These are what we call the 'YMMV items.' Things that some people find in this work. We call them 'your mileage might vary' because not everyone sees these things in the same way. This starts discussions in the trope lists, a thing we don't want. Please use the discussion page if you'd like to discuss any of these items.
Angst Dissonance: While clinical depression is a serious condition, those who don't have it or haven't experienced it first hand can sometimes find Roast Beef tiresome. He has a loving wife who accepts all his faults and dedicated friends. He's depressed because that's what the disease does, regardless of cirumstances — but often he has nothing to legitimately be depressed about.
Roast Beef has probably one of the most accurate portrayals of depression in entertainment, right down to little symptoms that don't get discussed much. So his character can be incredibly cathartic to those who have had depression, but a bit frustrating for those who haven't.
Arc Fatigue: When combined with Schedule Slip, it's a nasty combination. Some arcs wouldn't be so bad if they didn't go two weeks between updates.
Archive Binge, Archive Panic: It's been running a long time, and the fact that each strip tends to be an extremely long one with multiple jokes, scenes and panels doesn't help matters. It probably takes twice as long to get through as a similarly long-running strip.
Catharsis Factor: Onstad has received a great deal of fanmail regarding the portrayal of Roast Beef's depression for this reason.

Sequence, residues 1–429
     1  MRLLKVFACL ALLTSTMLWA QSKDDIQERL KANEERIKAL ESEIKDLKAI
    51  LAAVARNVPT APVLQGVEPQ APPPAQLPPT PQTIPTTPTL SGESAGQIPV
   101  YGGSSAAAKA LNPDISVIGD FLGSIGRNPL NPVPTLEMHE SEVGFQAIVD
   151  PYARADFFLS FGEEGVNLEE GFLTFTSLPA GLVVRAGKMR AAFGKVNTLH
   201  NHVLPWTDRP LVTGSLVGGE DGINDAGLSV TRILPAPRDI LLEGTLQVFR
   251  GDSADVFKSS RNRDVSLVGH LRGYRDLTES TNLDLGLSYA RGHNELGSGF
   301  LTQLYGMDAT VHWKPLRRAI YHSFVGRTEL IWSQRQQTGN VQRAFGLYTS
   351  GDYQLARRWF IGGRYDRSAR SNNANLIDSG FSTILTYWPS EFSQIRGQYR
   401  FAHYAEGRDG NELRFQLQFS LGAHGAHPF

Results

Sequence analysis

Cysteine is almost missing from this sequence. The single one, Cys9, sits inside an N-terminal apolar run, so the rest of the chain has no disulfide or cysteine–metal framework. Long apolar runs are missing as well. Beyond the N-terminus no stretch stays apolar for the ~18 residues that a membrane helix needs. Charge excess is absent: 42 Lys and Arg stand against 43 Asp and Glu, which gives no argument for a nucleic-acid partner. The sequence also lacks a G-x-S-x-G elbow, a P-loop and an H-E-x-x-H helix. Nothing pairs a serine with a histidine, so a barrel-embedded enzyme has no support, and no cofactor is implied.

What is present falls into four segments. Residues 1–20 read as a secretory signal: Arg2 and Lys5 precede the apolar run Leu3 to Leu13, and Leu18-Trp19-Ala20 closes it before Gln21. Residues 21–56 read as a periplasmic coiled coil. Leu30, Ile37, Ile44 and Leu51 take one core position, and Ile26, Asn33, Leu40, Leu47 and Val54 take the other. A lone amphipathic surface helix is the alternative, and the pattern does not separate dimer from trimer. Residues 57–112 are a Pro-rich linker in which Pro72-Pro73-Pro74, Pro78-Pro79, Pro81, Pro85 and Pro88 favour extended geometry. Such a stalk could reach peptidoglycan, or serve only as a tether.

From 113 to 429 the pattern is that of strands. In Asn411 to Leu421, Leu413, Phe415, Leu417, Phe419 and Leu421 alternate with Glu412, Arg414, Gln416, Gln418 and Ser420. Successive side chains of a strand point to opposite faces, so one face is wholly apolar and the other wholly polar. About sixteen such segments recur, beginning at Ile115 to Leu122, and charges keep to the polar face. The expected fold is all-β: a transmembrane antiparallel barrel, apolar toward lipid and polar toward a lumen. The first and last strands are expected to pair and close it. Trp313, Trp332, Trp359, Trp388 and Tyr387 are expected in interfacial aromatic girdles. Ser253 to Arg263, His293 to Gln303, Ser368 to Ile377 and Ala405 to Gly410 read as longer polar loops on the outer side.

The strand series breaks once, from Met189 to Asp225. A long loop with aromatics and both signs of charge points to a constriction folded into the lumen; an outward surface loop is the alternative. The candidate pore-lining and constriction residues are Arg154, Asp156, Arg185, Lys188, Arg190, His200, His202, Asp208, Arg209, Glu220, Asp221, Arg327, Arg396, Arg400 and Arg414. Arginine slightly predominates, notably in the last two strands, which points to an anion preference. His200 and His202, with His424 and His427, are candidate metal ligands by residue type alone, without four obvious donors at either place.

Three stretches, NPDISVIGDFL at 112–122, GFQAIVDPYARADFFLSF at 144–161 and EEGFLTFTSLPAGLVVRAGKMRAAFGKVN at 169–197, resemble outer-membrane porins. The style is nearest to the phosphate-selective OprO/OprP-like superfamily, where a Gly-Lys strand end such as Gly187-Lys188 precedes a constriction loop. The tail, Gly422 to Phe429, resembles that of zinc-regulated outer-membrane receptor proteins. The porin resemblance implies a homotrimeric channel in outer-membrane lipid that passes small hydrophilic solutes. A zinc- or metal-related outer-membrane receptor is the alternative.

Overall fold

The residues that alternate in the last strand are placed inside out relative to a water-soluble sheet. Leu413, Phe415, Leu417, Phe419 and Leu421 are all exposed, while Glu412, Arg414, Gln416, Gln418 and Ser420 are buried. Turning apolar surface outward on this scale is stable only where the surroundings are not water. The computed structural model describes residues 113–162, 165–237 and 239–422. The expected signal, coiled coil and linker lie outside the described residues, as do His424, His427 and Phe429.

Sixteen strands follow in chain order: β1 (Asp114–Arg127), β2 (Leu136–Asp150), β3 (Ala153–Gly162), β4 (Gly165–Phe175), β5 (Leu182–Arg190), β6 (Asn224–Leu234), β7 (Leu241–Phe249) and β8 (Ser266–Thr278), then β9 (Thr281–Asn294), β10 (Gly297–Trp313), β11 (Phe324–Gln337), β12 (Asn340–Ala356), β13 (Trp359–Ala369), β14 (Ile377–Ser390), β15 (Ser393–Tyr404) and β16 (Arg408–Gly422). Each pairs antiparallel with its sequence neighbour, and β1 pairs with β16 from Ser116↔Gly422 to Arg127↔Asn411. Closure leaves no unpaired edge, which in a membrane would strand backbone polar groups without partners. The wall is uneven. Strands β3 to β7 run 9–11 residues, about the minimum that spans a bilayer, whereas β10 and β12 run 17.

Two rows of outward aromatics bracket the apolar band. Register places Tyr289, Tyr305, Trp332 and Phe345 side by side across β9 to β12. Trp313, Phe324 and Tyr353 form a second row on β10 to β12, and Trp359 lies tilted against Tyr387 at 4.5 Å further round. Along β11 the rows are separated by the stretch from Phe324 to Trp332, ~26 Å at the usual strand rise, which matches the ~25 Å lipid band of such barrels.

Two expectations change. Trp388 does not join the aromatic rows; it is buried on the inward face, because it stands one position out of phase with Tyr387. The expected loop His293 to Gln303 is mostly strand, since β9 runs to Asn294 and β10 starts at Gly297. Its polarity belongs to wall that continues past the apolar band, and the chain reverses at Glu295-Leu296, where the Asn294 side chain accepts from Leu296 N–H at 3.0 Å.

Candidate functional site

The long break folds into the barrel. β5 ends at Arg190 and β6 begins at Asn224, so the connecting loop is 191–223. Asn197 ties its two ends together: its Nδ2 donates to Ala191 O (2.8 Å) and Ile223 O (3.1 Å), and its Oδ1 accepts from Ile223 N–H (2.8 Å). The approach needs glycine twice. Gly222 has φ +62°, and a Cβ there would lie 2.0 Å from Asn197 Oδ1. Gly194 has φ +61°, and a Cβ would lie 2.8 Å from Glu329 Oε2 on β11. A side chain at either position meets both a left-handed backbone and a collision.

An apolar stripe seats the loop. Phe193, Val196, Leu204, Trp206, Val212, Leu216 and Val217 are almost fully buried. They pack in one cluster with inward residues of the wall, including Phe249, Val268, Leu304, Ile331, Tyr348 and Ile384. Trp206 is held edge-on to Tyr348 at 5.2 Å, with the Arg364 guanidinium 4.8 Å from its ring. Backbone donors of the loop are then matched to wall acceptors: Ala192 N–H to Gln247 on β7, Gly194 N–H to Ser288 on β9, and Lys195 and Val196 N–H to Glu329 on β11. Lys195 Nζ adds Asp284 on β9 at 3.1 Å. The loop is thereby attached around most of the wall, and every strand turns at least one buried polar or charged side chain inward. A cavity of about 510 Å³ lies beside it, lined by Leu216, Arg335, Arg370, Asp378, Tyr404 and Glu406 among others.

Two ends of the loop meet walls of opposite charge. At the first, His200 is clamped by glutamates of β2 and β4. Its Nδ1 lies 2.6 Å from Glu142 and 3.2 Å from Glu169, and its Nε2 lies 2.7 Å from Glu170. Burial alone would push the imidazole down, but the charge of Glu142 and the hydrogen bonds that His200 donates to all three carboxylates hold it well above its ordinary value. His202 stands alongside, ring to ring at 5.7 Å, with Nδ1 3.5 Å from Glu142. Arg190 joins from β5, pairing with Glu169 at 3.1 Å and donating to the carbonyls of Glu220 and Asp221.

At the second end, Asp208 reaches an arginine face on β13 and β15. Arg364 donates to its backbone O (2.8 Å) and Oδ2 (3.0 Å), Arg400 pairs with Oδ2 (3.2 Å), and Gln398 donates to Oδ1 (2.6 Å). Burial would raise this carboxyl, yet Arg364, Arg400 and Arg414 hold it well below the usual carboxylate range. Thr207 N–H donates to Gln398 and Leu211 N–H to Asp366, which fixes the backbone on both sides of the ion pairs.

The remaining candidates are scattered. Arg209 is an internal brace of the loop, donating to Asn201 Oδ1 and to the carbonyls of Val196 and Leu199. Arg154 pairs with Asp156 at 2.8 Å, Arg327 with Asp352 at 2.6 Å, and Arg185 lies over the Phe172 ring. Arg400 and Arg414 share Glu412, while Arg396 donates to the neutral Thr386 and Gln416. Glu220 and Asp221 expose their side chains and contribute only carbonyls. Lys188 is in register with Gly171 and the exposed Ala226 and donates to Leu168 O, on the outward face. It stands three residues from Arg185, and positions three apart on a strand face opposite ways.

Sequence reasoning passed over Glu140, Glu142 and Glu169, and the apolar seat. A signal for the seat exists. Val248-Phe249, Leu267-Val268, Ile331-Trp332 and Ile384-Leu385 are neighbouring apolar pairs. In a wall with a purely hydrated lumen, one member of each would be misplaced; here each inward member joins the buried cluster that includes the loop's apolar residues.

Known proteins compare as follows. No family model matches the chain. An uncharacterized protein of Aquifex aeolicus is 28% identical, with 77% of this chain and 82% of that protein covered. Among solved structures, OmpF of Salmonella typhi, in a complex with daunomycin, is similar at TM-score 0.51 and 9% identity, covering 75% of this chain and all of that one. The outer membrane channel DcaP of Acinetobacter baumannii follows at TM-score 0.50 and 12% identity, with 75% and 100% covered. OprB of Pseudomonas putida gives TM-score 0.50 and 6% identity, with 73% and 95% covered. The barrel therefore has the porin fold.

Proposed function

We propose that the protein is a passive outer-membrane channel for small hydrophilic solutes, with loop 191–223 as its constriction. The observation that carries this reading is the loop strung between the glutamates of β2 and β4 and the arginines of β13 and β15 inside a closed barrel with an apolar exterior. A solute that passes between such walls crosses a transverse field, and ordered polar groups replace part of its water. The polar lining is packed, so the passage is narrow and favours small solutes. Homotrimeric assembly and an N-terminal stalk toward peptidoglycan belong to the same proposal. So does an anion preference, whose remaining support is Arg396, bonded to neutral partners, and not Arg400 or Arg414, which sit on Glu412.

Dude, Not Funny!: Some of the Crosses the Line Twice humor can be this. Such as how Ray takes pleasure from the prospect of a dog being shot dead. (While justified due to him being a cat, it's still dickish to say Old Yeller has a "happy ending".)
Sometimes Nice Pete falls into this, being a serial killer and all.
Magnificent Bastard: Lie Bot during the time he was disguised as Ray's Uncle Culpepper. Culpepper himself even comments on how well-detailed Lie Bot's disguise was, right to the specific brand of tobacco.
Zell and Cory. Survivors of a fire and sufferers of fourth degree burns ("no dude uh with fourth-degree burns you're considered unlucky if you live")... all over their bodies. You only see them in silhouette, but Cory's ruined face is... deeply disturbing. Zell's cryptic reference to "collecting" before wheeling away into the darkness also makes one wonder what on earth they could be collecting...
Cartilage Head looks like something out of a Tim Burton nightmare.
The high school storyline. Nice Pete was already incredibly creepy, but... yeesh.
Tear Jerker: The "what is the saddest thing" strips are clearly trying to get this reaction, and they certainly do from Philippe. Special mention goes to the arc where Phillipe got some of Ray's Born Lucky qualities and made several million dollars as a result. Teodor used some of the money to send him back to his mother, only to find that his old home has changed so much that its not really home to him any more. This eventually ends with Phillipe being visited by the spirit of his father:
"Home, she is . . . la grande illusion. She a time, no a place, an' you time here was over. Pack you bag an' go back to thees life you already 'ave. You maman she will cry . . . but that is what a maman mus' do. Life ees cruel . . . but at least eet is life, at least for a while."
At the time, because he (and the entire strip) was so underdeveloped, Roast Beef's reasons flying into space wasn't that sad. But, rereading it now... Seeing Beef say goodbye in that last panel tugs the heartstrings something fierce. His reply to Pat asking if he would be returning the spaceship soon was also quite melancholy.
If you've ever been depressed, Roast Beef's storylines in general will probably hit hard.